L’ASSOLUTO NATURALE is another wonderful example of the work of morricone from the sixties, again released in 1969 on the CINEVOX label, it is another theme laden work, that is literally crammed with sensual, sublime and tantalising music, with each cue being of a quality that they could each easily be a central theme for a movie in their own right. Morricones easy going yet highly absorbing and effectual opening theme sets the scene perfectly for what follows, again it is an entertaining and classic work that became one of the key works of the Maestro in which he combines a rich and melodic air with slightly atonal pieces, the opening theme or at least elements of it running throughout the work acting like a glue binding the remainder of the soundtrack together.
Another such score from the same year by Morricone was LA MOGLIE PIU BELLA or THE NICEST WIFE now correct me if I am mistaken, but I had this just as a single, with the main title on the A side and TEMA DI FRANCESCA on the B side, there was as far as I know not an LP of the soundtrack, but a compact disc was issued in the 1990’s on Cinevox which included fourteen cues from the score, although the movie was a violent one and the majority of Morricones score was action led and at times quite unlistenable away from the film, there were also some striking Morricone moments of melody present.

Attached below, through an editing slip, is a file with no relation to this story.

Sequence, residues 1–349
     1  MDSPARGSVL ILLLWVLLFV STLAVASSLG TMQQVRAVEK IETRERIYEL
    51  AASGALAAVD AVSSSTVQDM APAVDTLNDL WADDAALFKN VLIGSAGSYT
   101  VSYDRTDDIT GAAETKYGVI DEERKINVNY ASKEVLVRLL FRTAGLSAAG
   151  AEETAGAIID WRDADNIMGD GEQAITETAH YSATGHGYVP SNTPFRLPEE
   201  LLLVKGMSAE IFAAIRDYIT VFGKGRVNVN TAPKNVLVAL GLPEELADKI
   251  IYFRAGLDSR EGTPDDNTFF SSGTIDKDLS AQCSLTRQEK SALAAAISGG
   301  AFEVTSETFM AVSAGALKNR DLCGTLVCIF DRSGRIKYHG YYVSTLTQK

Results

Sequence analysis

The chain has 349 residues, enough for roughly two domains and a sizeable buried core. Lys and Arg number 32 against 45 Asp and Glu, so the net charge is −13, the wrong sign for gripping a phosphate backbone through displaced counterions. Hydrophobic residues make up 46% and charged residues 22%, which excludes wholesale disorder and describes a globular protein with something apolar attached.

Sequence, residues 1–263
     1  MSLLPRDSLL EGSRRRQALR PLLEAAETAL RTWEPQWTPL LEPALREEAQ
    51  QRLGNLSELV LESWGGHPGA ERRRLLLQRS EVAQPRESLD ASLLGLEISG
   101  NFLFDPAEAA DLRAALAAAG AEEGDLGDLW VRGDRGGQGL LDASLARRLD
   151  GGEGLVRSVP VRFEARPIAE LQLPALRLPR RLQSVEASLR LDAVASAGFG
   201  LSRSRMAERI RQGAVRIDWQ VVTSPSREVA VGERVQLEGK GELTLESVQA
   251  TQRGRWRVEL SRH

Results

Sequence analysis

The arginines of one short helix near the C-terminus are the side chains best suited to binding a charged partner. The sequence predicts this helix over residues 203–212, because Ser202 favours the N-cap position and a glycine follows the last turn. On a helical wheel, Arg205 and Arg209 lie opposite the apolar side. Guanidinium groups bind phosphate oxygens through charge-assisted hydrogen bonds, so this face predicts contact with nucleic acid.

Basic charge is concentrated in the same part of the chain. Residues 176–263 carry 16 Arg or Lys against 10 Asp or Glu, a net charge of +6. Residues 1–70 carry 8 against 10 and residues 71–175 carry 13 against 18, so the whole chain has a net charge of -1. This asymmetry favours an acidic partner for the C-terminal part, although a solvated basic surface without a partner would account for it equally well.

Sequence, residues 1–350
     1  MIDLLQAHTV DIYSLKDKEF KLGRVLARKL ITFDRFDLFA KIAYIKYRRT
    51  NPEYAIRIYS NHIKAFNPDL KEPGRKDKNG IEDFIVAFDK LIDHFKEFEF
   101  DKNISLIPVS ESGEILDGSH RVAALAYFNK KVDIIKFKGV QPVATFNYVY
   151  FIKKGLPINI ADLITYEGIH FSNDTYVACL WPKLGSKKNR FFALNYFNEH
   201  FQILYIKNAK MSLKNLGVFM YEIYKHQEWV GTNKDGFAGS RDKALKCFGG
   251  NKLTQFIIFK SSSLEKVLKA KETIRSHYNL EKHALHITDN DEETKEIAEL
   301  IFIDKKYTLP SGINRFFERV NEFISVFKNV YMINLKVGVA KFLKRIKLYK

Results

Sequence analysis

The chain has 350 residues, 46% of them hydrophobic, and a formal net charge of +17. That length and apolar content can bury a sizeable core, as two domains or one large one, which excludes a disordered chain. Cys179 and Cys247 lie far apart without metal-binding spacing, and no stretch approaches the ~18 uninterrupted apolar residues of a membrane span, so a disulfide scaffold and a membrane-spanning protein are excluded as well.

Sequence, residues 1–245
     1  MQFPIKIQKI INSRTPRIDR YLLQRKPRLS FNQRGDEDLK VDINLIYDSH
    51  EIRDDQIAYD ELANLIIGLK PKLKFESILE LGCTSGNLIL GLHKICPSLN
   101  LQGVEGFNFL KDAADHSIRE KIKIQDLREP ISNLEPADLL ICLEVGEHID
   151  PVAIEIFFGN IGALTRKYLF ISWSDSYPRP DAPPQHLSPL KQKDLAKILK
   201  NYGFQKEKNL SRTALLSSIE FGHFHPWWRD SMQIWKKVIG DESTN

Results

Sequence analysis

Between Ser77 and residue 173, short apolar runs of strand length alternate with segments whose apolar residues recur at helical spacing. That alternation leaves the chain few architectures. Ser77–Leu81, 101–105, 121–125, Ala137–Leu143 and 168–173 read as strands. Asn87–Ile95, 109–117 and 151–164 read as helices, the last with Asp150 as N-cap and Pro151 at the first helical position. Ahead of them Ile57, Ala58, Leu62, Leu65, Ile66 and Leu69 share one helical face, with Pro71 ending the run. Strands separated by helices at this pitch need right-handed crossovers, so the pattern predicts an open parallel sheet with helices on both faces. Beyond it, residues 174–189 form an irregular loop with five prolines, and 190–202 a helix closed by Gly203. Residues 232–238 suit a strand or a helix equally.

THE BIRD WITH THE CRYSTAL PLUMAGE for me is yet another masterful score from Morricone, its childlike yet icy and disturbing musical aura purveys a sense of dread and confusion at times, the lilting melodies and serene sounding female vocal being comforting and safe, but all the time disguising the fact that there is violence and evil present. Released in 1970, this Italian Giallo directed by Dario Argento is a highly regarded piece of cinema, the soundtrack was issued on Capitol records in the U.S.A. and also on CINEVOX in Italy both albums containing eleven cues. Later editions of the soundtrack also released on vinyl contained the same cues with a few only having nine cues. This was Morricone at his atmospheric best, utilising eerie sounds and tortured and sensual female voice to create an atmosphere that was thick with menace.